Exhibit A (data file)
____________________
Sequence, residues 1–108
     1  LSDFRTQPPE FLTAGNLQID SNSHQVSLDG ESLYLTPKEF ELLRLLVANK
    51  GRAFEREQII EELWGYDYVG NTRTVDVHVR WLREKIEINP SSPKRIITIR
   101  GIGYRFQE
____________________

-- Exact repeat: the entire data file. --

Sequence, residues 1–108
     1  LSDFRTQPPE FLTAGNLQID SNSHQVSLDG ESLYLTPKEF ELLRLLVANK
    51  GRAFEREQII EELWGYDYVG NTRTVDVHVR WLREKIEINP SSPKRIITIR
   101  GIGYRFQE